Najat Vallaud-Belkacem: Muslim, Woman, and France’s Minister for Education | By Anushka Mehta


Najat Vallaud-Belkacem, Minister for Education, France. Photo from Belkacem’s website

The first woman to hold the position of Minister for Education in France, Najat Vallaud-Belkacem is also a Moroccan-born Muslim, or, as the French would say, an “issu de l’immigration” (child of immigration) rather than a “Français de souche” (French by descent/origin). To say that Belkacem has been a controversial figure since her appointment in 2014 would be quite an understatement.

Most recently, she has come under scrutiny for suggesting that the obligatory school-going age range should be increased to 3 through 18 from 6 through 16. Belkacem’s intention to increase the range of obligatory school-going age is part of her solution for high numbers of school-drop-outs in France.

Belkacem also intends to introduce Arabic in primary schools. Le Figaro, France’s right-leaning newspaper, considers this a move toward “ghettoization,” allowing migrant communities to become continuously insular and restrict their assimilation, claiming that ‘French (as a language) builds the nation.’ Additionally, RT News also discusses the conservative French fear of teaching Arabic, which would produce a ‘Trojan horse’ effect resulting in ‘Islamic indoctrination.’ Simultaneously, RT News emphasizes that “France is home to the largest Muslim community in Europe.” Figures estimate that between 6 and 10% of the French population is Muslim, the majority of this Islamic population coming from North African Arabic-speaking nations.

Muslim students studying Arabic in France

© Mushtaq Muhammad / Reuters

Considering Belkacem’s two moves side-by-side makes sense; lots of students are falling through the school system and never obtain their diploma. Many of these students, I imagine, are children of migrants, or those who migrated to France in their youth. Adding the option of maintaining a mother-tongue from a young age can help assure young students who are not comfortable in French of their value and intellect despite their struggles in other classes.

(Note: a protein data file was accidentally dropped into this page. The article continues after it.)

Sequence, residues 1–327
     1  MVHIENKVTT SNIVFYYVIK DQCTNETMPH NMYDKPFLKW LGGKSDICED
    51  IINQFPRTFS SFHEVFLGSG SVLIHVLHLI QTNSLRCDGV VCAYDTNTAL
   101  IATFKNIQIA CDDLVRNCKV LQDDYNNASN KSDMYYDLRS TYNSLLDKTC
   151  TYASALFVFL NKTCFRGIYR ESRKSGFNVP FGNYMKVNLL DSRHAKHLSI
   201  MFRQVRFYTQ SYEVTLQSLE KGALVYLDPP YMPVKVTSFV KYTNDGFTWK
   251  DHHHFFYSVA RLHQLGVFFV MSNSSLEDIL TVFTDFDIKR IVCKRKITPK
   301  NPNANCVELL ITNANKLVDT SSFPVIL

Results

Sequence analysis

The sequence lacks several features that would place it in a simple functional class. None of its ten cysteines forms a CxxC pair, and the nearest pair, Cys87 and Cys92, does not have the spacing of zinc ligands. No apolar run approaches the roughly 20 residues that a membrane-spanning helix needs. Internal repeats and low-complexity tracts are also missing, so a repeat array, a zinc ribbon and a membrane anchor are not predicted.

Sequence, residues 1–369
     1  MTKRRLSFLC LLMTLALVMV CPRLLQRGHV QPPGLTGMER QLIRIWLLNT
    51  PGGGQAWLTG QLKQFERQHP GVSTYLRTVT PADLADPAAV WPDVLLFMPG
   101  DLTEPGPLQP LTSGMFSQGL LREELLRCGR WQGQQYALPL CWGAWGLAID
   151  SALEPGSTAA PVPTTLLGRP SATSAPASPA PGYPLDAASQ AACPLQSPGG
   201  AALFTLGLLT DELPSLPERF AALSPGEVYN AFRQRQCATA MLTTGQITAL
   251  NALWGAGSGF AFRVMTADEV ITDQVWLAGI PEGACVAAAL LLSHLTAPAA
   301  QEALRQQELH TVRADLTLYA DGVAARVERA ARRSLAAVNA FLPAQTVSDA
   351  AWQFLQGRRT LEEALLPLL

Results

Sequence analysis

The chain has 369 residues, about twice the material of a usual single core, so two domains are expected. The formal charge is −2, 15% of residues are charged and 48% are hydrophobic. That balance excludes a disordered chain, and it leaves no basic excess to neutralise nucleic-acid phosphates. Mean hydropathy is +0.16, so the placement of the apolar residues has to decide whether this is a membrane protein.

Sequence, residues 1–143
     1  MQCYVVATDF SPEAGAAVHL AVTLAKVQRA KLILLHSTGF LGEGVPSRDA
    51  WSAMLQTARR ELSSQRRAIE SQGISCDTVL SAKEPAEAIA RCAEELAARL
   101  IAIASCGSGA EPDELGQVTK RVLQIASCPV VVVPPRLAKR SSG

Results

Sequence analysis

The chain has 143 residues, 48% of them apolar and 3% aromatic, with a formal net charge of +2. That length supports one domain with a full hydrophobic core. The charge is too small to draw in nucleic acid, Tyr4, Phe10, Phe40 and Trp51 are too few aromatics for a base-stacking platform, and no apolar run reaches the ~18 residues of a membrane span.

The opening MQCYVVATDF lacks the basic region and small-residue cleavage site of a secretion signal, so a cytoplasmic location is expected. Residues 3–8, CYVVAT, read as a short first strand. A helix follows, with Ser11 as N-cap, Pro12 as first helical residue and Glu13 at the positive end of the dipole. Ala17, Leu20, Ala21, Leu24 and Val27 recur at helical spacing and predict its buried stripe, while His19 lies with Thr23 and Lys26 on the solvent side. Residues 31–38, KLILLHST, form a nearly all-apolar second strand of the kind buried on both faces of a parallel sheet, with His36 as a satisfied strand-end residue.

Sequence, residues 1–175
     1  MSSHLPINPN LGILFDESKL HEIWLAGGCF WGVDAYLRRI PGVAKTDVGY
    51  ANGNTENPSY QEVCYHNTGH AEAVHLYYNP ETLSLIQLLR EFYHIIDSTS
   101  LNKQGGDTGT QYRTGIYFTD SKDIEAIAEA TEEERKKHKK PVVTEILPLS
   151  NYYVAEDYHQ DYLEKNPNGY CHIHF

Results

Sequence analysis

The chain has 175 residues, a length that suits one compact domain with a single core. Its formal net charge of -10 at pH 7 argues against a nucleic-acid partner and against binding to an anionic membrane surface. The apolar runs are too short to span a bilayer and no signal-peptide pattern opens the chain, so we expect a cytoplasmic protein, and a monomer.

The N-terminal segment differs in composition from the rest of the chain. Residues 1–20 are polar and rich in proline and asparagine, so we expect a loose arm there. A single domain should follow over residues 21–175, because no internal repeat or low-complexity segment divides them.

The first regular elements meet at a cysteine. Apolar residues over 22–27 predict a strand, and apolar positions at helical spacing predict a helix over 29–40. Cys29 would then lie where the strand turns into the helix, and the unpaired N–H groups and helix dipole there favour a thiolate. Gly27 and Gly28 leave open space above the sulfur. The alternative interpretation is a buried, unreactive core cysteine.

Contrary to Le Figaro, I believe that these intended policies do not go far enough. Giving students the option of learning Arabic at a young age does nothing for the fact that many of these students might still be struggling in other courses where they are required to learn in French (e.g. history, maths, science), and may still result in dropping out.

A bilingual education1, however, can ensure that students for whom French is a second language do not fall behind, because they are able to learn material in their mother-tongue, while simultaneously learning French with the hope to successfully integrate in French society.

The fear of cultural symbols and language in the Global North appears to be widespread, with charged rhetoric in the US against the use of Arabic in public spaces (such as this student, who was kicked off a flight after passengers felt threatened because of his use of Arabic). It is interesting to me that language (particularly Arabic) has been viewed as a threat in recent years, because of the use of language as an actual threatening force in the colonial era. Large swathes of Africa (and Asia, and the Americas, and Australia) were colonized by Europeans using their languages and their religions as a ‘civilizing force.’ It’s quite ironic that people who historically used language as a threatening force are afraid that other communities would do the same. Perhaps it’s their own history staring back at them.